Gage Skidmore / Flickr donald trump...
Gage Skidmore / Flickr

Donald Trump’s frequent tweets in which he denies any connection to Russia on his part, and pressing for investigation supposed ties between Russia and Democratic politicians contribute to charges that he’s trying to obstruct justice.

President Trump’s Twitter habit may become a legal liability for him, as his latest tweets about the Russia investigation could help build a potential case against him for obstruction of justice or witness intimidation, legal experts say.

Trump has repeatedly used his Twitter account to not only deny any connection to Russia on his account and on the part of his campaign, he’s used it to belittle witnesses such as George Papadopoulos and Carter Page, to attack both former CIA director James Comey and current special counsel Robert Mueller, and to pressure both Congress and the Justice Department to investigate accusations against Hillary Clinton.

All of that adds considerable weight to possible charges of obstruction.

Trump’s tweets about indictments in the Russia probe “could be used to further support a case against him for obstruction of justice,” said Barry Berke, a partner at the New York law firm of Kramer Levin Naftalis and Frankel. …

“To the extent the president’s tweets regarding the indictment of Manafort and Gates or the cooperation of Papadopoulos are knowingly false and intended to mislead investigators, influence the testimony of others or cover up what actually occurred, that could support an obstruction of justice case,” Berke said.

Across his history of civil suits — up to and including the action that ultimately resulting in Trump paying a $25 million settlement over Trump University — Donald Trump has been vocal in his disdain for judges and the legal process. However, that attitude may not play so well with Mueller.

Trump managed to summarize most of his vague proposals into a single tweet.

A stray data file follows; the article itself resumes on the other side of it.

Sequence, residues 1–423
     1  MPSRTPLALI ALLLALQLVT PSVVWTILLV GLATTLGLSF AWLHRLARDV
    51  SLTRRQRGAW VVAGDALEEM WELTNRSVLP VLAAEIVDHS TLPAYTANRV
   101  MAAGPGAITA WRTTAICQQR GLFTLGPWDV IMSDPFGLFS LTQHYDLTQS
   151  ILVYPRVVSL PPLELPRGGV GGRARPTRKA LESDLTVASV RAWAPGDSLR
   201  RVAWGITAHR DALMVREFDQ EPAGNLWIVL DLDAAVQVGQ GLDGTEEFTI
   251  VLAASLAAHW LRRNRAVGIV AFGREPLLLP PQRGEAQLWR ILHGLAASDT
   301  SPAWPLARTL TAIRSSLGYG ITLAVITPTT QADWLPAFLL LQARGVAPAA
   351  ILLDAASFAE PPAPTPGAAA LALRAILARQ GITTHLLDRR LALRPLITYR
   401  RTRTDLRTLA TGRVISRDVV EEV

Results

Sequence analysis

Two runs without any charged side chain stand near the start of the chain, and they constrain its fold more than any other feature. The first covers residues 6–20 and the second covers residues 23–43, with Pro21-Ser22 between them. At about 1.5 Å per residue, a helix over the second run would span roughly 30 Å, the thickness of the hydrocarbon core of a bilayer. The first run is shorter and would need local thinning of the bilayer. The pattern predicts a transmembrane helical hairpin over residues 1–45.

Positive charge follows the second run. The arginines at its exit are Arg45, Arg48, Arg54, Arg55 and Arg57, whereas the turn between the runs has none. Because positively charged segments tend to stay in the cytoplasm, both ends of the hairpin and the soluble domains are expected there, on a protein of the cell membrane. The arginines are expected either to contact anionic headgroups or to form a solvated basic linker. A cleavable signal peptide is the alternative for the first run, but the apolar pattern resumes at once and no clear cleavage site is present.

Trump’s pressure to investigate them-not-him has paid off with people like the eagerly compliant Congressman Devin Nunes. In October, Nunes and his fellow Republicans announced not one, but three different committees were launching investigations of the Uranium One sale that was completed in 2010. The idea didn’t come out of nowhere. The Uranium One deal was a central part of the story told in the book Clinton Cash, written by an editor at Breitbart. The New York Times — in it’s infinite hunger for anything that’s anti-Clinton — got an “exclusive” on this material, and made frequent references to the accusations of a quid-pro-quo sale of American uranium to Russia during the campaign. Or, as the Times put it this week

Some ties between Uranium One and the Clinton Foundation were disclosed in a book by Peter Schweizer, a former fellow at the right-leaning Hoover Institution and frequent collaborator on films and books with Stephen K. Bannon, the executive chairman of Breitbart News and the former White House chief strategist. Mr. Schweizer provided some of his information from his book, “Clinton Cash,” to The New York Times, which conducted its own reporting.

But while the investigation into Uranium One has the surface purpose of attacking Hillary, there’s a deeper, more central reason — it’s intended to cause problems for Mueller. Before his Twitter account was suspended, Trump pal Roger Stone gave away the game: By creating a second investigation in which Mueller plays a role due to his involvement in clearing the Uranium One deal in 2010, they can make it impossible to Mueller to continue with his investigation of Trump.

In other words, Trump now has three Congressional committees working diligently to assist in his obstruction.

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This is a Creative Commons article. The original version of this article appeared here.

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